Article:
The design idea also puts the limits and capabilities of digital fabrication to test. Due to the kinetic nature of the installation, the use of digital tools would ensure that each piece of plywood fits perfectly in its postion.

The contruction system adopted should have considered the amount of weight it can withstand and also a solution if any part of the mechanism were to fail. In addition, the size of the bench can be made longer or shorter, depending on availability of resources. [10] Personally, I really like the design idea behind this installation. It has shown how to work others outside the field of architecture into asthetics of the design. It take into account the properties of the material, the users, the technology and used it to respond to the context of its environment. This I feel impacts A.1 Architecture As A Discourse | 09

Fig. 16

Before going into the topic of computational architecture, it is important for one to understand the role of computers. Computers are analytical engines that do no make mistakes. They are able to store data, evaluate information at a very fast pace and present it to in a readible form. However, computers are incapable of creating new instructions, lack creativity and are dependant on the user (humans) to function. [11] In a sense, computers are designed to be compatible for human use as they both make up for the qualities each of them lack. Thus it is essential that the user understands the language needed to communicate with the engine for it to be used effectively. The development of computer aided design (CAD) and computer aided manufacturing (CAM) has created new opportunities that were impossible before.[12] Computerisation and Computation are two design tools or engines that has changed the discourse of architecture in terms of methodoloy and thinking. Computerisation is defined when the user treats computers as medium to illustrate and edit their ideas and designs.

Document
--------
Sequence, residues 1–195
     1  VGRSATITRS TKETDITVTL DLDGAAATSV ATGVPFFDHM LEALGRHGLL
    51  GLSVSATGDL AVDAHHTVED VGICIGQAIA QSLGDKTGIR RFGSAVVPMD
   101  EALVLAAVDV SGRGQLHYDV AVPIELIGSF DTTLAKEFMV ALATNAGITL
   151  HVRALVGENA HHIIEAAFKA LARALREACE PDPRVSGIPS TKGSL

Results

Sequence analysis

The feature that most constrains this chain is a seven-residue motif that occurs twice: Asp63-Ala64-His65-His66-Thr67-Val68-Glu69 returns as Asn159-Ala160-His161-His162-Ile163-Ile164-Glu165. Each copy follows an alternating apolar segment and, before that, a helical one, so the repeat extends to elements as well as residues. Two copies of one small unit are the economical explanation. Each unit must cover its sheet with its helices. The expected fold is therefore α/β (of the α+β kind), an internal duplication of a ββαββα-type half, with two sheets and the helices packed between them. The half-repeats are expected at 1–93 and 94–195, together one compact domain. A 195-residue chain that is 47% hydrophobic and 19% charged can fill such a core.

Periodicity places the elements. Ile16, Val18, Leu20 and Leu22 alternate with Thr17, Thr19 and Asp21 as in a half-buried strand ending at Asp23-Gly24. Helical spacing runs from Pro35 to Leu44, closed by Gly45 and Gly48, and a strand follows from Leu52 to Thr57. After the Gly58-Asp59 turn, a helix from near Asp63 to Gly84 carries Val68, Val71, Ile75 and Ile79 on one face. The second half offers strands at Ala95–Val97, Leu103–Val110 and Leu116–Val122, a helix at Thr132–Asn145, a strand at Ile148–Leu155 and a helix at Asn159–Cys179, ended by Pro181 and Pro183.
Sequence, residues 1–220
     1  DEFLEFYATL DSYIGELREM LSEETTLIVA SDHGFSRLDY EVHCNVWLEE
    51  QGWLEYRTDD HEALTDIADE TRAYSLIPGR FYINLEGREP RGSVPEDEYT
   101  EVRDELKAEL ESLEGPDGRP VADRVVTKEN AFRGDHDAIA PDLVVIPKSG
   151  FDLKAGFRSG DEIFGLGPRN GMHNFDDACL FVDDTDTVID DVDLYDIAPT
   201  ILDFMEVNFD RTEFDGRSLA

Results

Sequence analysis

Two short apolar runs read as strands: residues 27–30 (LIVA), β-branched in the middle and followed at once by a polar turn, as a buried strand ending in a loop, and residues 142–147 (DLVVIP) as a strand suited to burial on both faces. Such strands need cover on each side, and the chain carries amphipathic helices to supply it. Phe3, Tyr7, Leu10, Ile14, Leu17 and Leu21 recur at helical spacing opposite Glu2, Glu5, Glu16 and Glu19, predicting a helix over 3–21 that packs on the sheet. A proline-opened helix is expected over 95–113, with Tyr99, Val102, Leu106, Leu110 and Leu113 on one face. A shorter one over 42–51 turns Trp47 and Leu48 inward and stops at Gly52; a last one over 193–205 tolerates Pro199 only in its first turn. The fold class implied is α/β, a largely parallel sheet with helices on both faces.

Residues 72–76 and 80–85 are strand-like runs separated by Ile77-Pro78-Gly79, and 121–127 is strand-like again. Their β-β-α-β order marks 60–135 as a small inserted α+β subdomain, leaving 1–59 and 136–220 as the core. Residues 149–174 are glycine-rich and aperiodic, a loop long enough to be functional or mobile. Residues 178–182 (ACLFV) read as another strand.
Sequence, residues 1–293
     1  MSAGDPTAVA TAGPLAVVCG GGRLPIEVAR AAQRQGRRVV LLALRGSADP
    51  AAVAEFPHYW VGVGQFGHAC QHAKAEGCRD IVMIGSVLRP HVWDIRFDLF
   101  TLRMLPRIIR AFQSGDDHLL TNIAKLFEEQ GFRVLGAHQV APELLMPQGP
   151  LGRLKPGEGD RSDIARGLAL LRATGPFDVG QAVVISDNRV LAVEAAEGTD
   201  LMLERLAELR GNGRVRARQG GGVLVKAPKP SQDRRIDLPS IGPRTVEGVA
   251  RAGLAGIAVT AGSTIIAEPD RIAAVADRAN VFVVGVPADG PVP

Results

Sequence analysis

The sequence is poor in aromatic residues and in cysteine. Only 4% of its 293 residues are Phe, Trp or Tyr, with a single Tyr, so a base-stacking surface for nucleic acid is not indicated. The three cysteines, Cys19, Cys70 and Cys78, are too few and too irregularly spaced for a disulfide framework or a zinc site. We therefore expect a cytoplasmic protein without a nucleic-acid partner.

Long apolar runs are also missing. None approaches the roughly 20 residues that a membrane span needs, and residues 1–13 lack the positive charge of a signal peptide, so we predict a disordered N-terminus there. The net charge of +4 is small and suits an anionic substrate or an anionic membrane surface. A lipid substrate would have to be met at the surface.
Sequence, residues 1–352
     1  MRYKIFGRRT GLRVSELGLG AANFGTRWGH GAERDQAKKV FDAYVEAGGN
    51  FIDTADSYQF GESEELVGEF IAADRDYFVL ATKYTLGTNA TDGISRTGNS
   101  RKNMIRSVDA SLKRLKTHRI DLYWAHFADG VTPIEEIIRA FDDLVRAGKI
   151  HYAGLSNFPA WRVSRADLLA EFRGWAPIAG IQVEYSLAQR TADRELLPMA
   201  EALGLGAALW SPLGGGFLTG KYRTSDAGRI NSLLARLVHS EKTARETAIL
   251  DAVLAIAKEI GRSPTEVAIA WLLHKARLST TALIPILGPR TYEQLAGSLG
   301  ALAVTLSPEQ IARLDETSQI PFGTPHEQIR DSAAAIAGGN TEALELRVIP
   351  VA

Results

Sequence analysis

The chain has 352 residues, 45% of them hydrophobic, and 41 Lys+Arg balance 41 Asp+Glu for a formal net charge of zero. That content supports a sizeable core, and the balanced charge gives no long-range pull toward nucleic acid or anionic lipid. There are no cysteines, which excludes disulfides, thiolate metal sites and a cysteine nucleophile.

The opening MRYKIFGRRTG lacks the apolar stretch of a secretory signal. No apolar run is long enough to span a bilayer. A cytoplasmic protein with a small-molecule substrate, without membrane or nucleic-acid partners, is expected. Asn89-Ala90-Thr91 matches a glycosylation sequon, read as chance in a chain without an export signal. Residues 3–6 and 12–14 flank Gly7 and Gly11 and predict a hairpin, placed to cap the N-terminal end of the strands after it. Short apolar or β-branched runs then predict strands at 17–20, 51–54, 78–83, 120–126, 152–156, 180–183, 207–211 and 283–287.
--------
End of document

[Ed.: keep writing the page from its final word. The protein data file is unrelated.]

A.2 Computational Architecture However, it does not automatically establish the design as innovative. Computation uses computers to produce ideas. It can be viewed as puzzle making instead of problem solving. [13] The role of the architect is to then be selective over the resources available to work with in order to fulfill the task, or not only to invent but to remake. Computation is a useful tool for architects to allow them to assess componenets of the design. They are able to judge and make amendments for a better design solution. As a result, it enables the architect to study the properties of the material so as to use it effectively and efficently in the design. Addiontionally, it allows reconsiderations on the type of material used or construction technologies.

Precedent work: ICD/ITKE Pavilion 2010 University of Stuttgart

Fig. 17

Fig. 19

Fig. 18

This temporary pavilion was constructed by The Institute of Computational Design (ICD) and The Institute of Building Structures and Structural design (ITKE) at the University of Stuttgart in 2010. The use of computational design to evaluate material elements allows the design to be defined by the bahaviour of the material instead of the form. [14] This explifies how, with design parameters, material behaviour becomes the determining factor of the design and fabrication and result in architectural possibilites. This project was constructed with thin birch veneer plywood strips and it looks at the elastic bending behaviour of the plywood. Using computation to assess the elastic properties enabled “a series of behavioural compo-